My doctor hadn’t prepared me for the symptoms at all and the combination of my mental health with the symptoms was almost unbearable. I ended up going back to 100mg and have stayed there because coming off them is just so terrifying. I think if I had been prepared for how bad it was going to be then I would no longer be on them, but my first experience was so horrific that I have put it off.


Over the past six years, I have been on and off six antidepressants in total. I have tried both SSRI and SNRIs. I’m currently on a low dose SSRI, fluoxetine or as it’s commonly known, Prozac.

Each and every time I’ve changed antidepressants, the withdrawal effect was pretty similar. No appetite, shakes, more trouble sleeping, sweats, my tolerance for anyone and everyone was lower, crying a lot more, very busy brain, dizziness, etc.


I think it’s really hard to go on and off antidepressants, and often I personally felt like the doctors had no real idea what they were doing. ‘Let’s try this new one. I think we should try the combination of these two. Let’s change for an SSRI to an SNRI. Let’s try none for a little while,’ they’d say. It wasn’t until I did a DNA test I finally found the one that suited me.


I had dizziness and felt so sick. But then a week or two later I went downhill. I went to the doctor and had to go back on my medication – my anxiety has become worse than ever.

For the past two years I’ve had to start taking two tablets a day for the medication to feel normal again.

I have no idea if I will ever come off it – I need routine and we have recently moved for my husband’s work and I haven’t found a new job. I feel my anxiety is turning into depression as well.


It’s so much harder than I thought. I ended up staying on antidepressants for over five years for situational depression because each time I tried to wean off, I had the worst withdrawals. I was foggy and felt like I was watching my life happen around me, not to me. I was emotionally volatile and would burst into tears at inappropriate times.

I had a lot of trouble finding a GP that would help me gradually wean – and in the end I successfully did it myself this year.


Withdrawing from Zoloft I had bad brain zaps and nausea. I was on and off for around 10 years but truly believe it’s stuffed my memory up for good.


I was on an antidepressant for over a year, even though it didn’t work at all, but every time I didn’t take it for a few days, I’d be so sick.

I’d throw up, feel nauseous and get hot flushes. This went on for a year because I was too sick to go off them.

When I was going on a three month trip overseas I even made the doctor give me double so I could have back ups in all bags in fear they’d get stolen or something and I’d run out and get sick.

Eventually I went to a doctor and she gave me other ones to take. I was on them for a month or so then quit them cold turkey and I was fine.


I went off Effexor cold turkey without telling anyone. It was the hardest week of my life. I felt like I was in a tunnel or underwater or something. I felt completely cut off from the world, like I was three steps behind. The brain zaps were the worst. It felt like my brain was attacking itself. I listened to music through headphones to try not to hear them. And I found I just had to go for really long walks to feel anywhere near normal.


So, how do you go off antidepressants?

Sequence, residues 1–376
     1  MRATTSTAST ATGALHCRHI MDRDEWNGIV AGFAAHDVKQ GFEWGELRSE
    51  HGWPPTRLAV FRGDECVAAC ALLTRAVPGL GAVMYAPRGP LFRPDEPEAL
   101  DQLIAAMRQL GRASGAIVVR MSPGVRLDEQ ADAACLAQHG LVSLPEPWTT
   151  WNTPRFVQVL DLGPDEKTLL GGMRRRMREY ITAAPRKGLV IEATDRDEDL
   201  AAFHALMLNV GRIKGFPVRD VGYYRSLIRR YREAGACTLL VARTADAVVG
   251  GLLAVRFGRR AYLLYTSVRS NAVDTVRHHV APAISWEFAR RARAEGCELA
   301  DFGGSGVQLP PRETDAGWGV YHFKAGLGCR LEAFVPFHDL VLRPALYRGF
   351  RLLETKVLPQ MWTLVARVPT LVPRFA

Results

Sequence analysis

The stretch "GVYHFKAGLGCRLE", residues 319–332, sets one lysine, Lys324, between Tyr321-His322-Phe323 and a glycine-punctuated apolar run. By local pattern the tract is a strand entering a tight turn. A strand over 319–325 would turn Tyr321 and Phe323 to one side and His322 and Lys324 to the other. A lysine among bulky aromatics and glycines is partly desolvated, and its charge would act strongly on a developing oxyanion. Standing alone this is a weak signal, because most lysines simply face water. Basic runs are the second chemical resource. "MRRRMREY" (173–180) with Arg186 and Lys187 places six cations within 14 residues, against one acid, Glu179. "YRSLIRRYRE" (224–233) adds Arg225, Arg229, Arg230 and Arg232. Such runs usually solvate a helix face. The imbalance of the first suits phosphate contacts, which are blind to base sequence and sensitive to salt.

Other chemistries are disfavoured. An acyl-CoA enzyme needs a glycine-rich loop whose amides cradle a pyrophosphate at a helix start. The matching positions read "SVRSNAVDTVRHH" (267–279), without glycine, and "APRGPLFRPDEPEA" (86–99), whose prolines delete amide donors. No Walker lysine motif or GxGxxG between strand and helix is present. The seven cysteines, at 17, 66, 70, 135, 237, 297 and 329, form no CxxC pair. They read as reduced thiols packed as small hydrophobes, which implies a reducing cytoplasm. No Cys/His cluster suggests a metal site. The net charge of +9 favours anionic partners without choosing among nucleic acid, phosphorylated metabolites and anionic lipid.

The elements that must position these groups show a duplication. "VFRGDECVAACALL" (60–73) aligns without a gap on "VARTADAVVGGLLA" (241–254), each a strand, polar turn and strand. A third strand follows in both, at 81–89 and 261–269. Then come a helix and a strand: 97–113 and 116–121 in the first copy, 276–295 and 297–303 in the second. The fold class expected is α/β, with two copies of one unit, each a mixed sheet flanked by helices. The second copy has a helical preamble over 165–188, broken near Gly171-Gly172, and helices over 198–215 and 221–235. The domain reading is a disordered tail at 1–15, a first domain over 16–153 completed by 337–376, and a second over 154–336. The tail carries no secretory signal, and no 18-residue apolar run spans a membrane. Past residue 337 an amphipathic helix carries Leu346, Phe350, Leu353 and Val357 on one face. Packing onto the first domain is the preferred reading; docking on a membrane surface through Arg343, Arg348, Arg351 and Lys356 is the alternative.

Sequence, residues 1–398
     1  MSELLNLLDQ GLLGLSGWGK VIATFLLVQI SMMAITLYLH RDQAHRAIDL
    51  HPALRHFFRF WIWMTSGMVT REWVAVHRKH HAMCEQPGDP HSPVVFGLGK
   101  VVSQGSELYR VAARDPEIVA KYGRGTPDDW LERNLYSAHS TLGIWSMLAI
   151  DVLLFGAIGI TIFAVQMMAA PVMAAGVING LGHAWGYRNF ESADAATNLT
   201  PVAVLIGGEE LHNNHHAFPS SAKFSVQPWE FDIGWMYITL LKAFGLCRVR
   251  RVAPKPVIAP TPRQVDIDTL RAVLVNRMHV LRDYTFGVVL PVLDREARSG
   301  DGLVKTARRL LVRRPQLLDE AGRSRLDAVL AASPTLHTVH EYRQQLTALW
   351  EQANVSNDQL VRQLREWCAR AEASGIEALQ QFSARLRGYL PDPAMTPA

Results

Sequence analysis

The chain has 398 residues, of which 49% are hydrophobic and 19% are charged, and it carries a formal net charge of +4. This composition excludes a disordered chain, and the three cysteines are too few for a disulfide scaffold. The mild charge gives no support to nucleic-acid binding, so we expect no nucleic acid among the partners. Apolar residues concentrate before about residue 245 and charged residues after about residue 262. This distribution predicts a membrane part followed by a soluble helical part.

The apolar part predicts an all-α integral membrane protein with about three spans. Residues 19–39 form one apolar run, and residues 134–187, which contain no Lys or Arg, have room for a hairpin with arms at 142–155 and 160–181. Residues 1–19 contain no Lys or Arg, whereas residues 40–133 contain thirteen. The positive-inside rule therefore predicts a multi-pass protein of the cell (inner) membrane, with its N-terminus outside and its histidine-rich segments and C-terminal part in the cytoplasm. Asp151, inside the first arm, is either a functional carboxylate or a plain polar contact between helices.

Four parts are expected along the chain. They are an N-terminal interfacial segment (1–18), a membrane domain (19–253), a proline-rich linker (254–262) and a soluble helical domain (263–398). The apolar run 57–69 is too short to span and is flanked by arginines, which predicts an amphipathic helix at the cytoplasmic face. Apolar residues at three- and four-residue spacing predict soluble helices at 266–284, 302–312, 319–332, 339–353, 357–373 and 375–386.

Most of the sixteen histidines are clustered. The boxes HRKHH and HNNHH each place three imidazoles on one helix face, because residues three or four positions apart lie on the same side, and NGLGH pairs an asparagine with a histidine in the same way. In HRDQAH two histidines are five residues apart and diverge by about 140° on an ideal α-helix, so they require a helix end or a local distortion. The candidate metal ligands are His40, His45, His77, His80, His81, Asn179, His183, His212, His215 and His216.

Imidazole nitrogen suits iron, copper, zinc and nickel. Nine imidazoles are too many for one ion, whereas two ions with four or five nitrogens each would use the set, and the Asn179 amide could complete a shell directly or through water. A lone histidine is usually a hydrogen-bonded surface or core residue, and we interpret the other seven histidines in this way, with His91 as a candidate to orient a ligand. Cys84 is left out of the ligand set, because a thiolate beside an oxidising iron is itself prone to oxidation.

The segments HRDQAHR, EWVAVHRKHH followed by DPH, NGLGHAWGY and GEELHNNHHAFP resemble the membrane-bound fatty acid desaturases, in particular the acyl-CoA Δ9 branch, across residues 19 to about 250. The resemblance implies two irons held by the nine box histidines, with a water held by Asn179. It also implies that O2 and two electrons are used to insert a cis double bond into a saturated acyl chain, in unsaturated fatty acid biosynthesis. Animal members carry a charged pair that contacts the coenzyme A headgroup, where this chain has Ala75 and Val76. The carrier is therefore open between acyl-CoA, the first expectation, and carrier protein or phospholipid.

A common thread that ran through most accounts was that women didn’t feel warned by their doctor.

When their medication was prescribed, most women told Mamamia there was no discussion of withdrawals, or how difficult it might be one day to stop taking them.

According to research by Harvard Medical School, there is such thing as ‘antidepressant or SRI discontinuation syndrome’ which comes with a host of symptoms such as dizziness, sweating, abnormal sensations, gut issues, unwanted feelings, tremors, ‘sea legs’ (problems with balance), excessive sweating, flu symptoms and insomnia.

Dr Brad McKay, an Australian family doctor and science communication, told Mamamia that the most “odd sensation” is often described as “brain zaps… which feels like you’re getting tiny electric shocks in your head. Brain zaps can last a day or continue for weeks.”

But there are ways to minimise or avoid these symptoms altogether, and Dr McKay says the first step is consult your doctor before changing or ceasing medication.

If you’re unhappy with their advice, or don’t feel listened to, then wait until you find a GP, psychologist or even psychiatrist who you trust.

Harvard Medical School also recommend making a plan with your clinician. Keeping things like a ‘mood calendar’ can be a good way to track your progress. It’s also important if you’ve had a history of anxiety or depression, to keep seeing a psychologist, especially as you taper off medication.

“It’s best to cut down the dose slowly. I normally recommend decreasing the dose at the start of a weekend, so if you’re feeling gross, you can take it easy for a couple of days as your body adjusts, rather than push yourself to go to work,” Dr McKay says.

They also suggest staying active, and letting those close to you know what you’re going through, in case you’re unwell or more irritable than usual.

While going off your medication might seem desirable, it’s also important to recognise that for some of us it’s not going to be an option.

Medication for mental health can be a lifeline, and as essential to our bodies as insulin is to a diabetic.

“Many people stop taking antidepressants because they feel better, not realising that they are feeling better because they are taking antidepressants,” Dr McKay highlights.

It’s a personal choice, and the more information we have, the more empowered we are to make the best decision for ourselves. 

If you think you may be experiencing depression or another mental health problem, please contact your general practitioner or in Australia, contact Lifeline 13 11 14 for support or beyondblue 1300 22 4636.